But shiver your timbers, what on earth was she doing in an oddity called Kamagni, a sex flick of sorts, with Alok Nath as her leading man? There she was on a lurid screen, breaking into erotic fantasies. Shhh, I’m sure she wouldn’t like to be reminded of that. On the personal front, after a lull of will-he-won’t-he-pop-the-question, Anil Ambani did. Consequently, she assumed other multi-roles: of a wife, mother, art connoisseur, educationist and philanthropist.
That’s the Mrs Ambani I now meet sporadically, to badger her with the mandatory question: so let’s talk of your movies. To which her firm response has been, “Keep quiet, no one ever asks me about the movies but you.”
She’d rather talk about the need for top-of-the-line medical care, the dignity of senior citizens, dissemination of education and clockwork family maintenance. So how do I convey Tina’s updated avatar? Hopefully by recalling brief passages from a conversation once conducted with the showgirl who turned her back to the big booming Bollywood biz.
Haven’t you changed?
Tina Ambani: No, I don’t think so. I do keep putting on and losing weight. I feel happier and healthier though.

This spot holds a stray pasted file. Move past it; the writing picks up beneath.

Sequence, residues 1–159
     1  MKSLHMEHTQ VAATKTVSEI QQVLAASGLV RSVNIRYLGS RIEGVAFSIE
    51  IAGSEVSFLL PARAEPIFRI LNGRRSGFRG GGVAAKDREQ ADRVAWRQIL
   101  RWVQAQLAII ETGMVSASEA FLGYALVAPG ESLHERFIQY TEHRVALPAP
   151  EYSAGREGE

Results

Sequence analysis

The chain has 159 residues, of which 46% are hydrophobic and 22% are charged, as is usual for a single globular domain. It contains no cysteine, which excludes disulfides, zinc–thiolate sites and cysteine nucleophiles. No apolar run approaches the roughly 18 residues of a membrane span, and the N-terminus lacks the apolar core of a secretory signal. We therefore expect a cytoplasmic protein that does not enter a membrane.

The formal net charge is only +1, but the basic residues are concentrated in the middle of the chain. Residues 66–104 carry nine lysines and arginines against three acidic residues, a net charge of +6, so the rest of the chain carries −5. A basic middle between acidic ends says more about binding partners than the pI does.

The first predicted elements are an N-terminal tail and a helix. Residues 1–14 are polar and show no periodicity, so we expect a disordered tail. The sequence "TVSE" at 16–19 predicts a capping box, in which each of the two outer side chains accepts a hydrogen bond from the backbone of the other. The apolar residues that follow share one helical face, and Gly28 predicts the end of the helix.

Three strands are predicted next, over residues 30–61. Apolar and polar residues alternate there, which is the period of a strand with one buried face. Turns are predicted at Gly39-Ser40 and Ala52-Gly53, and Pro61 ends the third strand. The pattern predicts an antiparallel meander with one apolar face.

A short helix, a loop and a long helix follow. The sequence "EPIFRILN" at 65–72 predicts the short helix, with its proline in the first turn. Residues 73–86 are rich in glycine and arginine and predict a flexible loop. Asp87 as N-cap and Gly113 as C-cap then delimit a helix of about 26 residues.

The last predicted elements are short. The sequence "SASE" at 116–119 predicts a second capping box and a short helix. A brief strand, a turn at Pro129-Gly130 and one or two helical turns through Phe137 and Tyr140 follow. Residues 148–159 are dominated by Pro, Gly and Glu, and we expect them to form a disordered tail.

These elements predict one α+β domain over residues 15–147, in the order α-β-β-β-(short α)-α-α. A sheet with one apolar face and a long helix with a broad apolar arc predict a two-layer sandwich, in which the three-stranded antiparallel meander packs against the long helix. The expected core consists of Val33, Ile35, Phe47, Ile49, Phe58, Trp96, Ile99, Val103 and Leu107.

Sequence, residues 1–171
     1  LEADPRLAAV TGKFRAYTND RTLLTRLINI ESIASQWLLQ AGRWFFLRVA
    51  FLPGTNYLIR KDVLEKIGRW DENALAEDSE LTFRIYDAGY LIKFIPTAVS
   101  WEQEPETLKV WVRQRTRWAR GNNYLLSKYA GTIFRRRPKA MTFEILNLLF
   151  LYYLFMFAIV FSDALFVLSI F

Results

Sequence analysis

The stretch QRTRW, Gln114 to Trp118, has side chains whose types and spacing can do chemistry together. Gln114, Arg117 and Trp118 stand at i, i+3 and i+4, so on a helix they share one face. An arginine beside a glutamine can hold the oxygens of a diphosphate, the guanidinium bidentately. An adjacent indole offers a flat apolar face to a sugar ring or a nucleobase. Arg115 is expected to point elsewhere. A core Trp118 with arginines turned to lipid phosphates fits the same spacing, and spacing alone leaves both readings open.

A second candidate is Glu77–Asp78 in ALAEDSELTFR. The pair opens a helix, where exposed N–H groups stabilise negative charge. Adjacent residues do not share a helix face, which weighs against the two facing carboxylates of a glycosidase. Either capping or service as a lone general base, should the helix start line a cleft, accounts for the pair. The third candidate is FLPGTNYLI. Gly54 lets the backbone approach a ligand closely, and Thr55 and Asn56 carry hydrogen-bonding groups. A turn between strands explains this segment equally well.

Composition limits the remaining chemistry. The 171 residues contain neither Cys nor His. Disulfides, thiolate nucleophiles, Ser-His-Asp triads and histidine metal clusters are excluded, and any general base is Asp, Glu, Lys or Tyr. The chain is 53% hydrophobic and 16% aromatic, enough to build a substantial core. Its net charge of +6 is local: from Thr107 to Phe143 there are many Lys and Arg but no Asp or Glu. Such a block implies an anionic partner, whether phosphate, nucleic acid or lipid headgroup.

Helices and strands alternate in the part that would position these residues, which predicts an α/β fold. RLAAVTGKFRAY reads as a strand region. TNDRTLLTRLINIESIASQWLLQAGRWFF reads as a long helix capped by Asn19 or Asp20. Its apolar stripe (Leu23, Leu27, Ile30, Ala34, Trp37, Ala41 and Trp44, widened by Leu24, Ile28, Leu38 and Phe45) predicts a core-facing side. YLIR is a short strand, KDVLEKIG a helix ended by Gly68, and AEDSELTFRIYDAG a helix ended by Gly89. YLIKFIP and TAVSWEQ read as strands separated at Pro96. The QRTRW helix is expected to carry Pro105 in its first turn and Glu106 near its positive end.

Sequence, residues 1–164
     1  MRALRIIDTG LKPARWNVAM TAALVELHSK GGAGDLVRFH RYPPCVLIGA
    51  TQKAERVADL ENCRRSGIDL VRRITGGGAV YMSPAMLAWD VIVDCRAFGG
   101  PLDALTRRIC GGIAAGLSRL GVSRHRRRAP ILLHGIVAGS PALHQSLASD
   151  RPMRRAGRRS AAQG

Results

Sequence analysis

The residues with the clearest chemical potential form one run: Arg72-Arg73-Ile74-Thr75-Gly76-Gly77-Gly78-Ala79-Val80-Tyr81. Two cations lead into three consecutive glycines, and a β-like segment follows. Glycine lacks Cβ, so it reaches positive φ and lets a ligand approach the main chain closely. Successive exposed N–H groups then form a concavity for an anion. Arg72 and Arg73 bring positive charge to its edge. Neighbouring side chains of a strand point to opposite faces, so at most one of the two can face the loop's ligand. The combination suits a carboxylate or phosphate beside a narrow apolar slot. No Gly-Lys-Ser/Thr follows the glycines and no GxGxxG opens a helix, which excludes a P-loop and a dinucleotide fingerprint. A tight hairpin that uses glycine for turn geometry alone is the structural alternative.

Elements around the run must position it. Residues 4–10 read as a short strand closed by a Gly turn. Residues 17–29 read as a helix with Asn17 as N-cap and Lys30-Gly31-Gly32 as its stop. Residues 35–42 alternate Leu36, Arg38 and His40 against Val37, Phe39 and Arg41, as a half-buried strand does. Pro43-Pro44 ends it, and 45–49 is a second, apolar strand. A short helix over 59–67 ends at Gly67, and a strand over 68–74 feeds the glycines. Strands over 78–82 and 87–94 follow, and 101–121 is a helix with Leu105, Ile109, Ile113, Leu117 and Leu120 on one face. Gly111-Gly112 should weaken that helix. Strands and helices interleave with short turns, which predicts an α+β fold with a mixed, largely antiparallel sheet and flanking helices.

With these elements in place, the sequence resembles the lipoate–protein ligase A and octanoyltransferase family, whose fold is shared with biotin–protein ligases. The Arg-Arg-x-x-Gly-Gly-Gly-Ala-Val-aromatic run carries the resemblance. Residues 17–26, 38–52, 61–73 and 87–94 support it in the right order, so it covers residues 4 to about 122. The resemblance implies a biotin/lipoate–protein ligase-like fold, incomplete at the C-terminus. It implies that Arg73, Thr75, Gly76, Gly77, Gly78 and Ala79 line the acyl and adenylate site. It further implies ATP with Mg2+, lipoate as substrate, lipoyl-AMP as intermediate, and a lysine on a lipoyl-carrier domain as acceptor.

What’s your first thought on waking up?
TA: That I can do my little bit...something meaningful, to make a little difference to this world.
You’re sounding very Mrs Ambani.
TA: I hope I’m sounding like myself. I’m the same Tina who grew up, matured and is focused. I broke away from acting over 25 years ago (the last one was Jigarwala with Anil Kapoor). We’re in the 21st century now. There’s so much more to do...the past is over. I’m more than aware ever before that our parents and grandparents held our hand at every stage of our lives. Yet we don’t give them their due respect. They need compassion, not sympathy. So often we don’t say the simple line, “I love you so very much”... and then sometimes it’s too late. I was the youngest of nine siblings. I lost my father when I was just 13. For me, the elders have been my gods.
When did you first get interested in art?
TA: I bought my first painting when I was 17. There was this exhibition by a young lady... one of the canvases gave the impression of a woman’s face with just a touch of red to symbolise the sindoor. It’s still with me.